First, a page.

Fitch wisely concentrates on the interesting interiors, making his photos a record as well as interesting compositions. Most other photographers tend to capture abandonment in relation to the wider landscape, capturing hard edge man-made decay resting in the natural softness of the outside. Another book I recently reviewed, the excellent Ghosts in the Wilderness: Abandoned America by Tony and Eva Worobiec, covers the same theme but their book had as many exterior landscape photos as interiors.
Read more ›
Comment Was this review helpful to you? Yes No Sending feedback...
Thank you for your feedback. If this review is inappropriate, please let us know.
Sorry, we failed to record your vote. Please try again
6 of 6 people found the following review helpful By David Dirks on July 19, 2003
Format: Paperback
This photography captures places that have been abandoned in the High Plains of the American West. Even for those who live in the United States, there is so much more to this country that we rarely see. Steve Fitch finds these places, and shows us how beautiful they truly are. His photos remind me of music by the Band, essays by William Agee, and novels by Steinbeck, which transport us to places forgotten, yet full of memories. These memories are not nostalgic "wishful thinking." They are honest reflections of the quiet spirit that resides in harsh reality. The thoughtful essay that accompanies the text is alone worth the price of the book.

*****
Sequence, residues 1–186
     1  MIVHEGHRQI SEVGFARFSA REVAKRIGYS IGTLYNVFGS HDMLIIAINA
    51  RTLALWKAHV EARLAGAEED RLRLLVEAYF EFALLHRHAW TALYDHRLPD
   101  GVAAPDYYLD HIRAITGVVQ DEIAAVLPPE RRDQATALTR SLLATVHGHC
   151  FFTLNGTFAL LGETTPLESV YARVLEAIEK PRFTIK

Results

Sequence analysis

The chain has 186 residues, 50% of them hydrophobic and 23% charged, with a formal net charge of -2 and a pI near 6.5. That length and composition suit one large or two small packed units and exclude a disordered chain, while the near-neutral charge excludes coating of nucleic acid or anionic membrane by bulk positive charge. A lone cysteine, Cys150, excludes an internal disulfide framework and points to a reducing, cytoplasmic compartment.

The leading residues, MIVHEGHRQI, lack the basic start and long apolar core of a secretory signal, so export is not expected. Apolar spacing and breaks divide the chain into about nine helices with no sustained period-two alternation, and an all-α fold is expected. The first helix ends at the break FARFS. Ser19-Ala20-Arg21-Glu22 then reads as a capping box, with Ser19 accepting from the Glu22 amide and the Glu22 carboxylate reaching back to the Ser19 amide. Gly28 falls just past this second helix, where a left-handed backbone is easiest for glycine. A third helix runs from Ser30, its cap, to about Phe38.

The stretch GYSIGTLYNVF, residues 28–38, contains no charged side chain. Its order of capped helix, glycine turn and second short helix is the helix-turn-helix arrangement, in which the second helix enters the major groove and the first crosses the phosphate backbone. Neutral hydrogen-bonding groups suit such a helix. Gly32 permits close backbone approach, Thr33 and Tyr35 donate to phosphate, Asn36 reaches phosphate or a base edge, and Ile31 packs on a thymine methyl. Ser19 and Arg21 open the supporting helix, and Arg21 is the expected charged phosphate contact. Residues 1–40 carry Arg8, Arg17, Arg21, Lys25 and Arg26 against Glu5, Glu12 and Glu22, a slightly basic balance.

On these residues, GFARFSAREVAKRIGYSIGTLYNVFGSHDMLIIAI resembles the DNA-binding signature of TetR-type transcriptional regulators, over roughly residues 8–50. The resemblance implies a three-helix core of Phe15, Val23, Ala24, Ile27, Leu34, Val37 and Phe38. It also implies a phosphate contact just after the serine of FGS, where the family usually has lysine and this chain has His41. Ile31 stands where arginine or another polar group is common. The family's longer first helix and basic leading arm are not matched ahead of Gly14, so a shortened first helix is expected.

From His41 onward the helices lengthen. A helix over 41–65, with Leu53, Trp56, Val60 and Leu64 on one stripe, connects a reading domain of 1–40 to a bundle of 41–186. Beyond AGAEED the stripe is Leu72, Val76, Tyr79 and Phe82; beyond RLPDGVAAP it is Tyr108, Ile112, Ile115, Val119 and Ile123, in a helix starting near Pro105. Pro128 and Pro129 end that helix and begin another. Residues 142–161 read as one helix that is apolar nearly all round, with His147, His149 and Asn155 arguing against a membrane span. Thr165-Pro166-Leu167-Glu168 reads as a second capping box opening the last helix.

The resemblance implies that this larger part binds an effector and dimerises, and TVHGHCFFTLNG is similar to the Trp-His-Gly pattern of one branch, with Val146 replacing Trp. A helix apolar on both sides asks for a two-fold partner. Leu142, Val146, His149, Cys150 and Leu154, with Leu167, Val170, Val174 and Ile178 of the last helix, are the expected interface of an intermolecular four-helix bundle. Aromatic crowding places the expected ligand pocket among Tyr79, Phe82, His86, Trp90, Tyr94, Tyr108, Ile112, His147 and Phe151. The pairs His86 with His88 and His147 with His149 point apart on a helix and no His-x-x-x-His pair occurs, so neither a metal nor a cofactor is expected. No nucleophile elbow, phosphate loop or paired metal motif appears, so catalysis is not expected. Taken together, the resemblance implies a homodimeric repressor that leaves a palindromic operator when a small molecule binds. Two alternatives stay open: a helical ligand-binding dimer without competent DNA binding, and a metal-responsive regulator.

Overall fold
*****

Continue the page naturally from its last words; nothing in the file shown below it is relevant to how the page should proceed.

Comment Was this review helpful to you? Yes No Sending feedback...
Thank you for your feedback. If this review is inappropriate, please let us know.
Sorry, we failed to record your vote. Please try again
4 of 4 people found the following review helpful By Erin on March 17, 2005
Format: Paperback
Although I do not have this book, I just recently saw a collection of the same photos in an art museum at Kansas State University. They are so beautiful and yet so sad. Absolutely amazing though. I highly recommend Steve Fitch after seeing his work. If you're the kind of person who drives by an abandoned house and takes interest in it, wondering about the family and what happened to it, these photographs will amaze you.
Comment Was this review helpful to you? Yes No Sending feedback...
Thank you for your feedback. If this review is inappropriate, please let us know.
Sorry, we failed to record your vote. Please try again
1 of 1 people found the following review helpful By C. Scanlon VINE VOICE on June 14, 2014
Format: Paperback
excellent ethnographic study, with no people presented

only their ghosts long gone

the ancient televisions and their situation tells all

take a look at the abandoned schools, beautifully built forever under the WPA

now peeling and abandoned, the gyms and auditoriums echoing the cheers of long ago

please see this book and learn what is photography

perhaps technically a few things might be tweaked but overall top quality technique

and for once essays which are right on, cogent and correct, and which inform the great work they illustrate and commentate

a perfect photography book

shoulda been bigger

tells us all about our history and where we were and where we are now

excellent work

get lucky and read one
Comment Was this review helpful to you? Yes No Sending feedback...
Thank you for your feedback. If this review is inappropriate, please let us know.
Sorry, we failed to record your vote. Please try again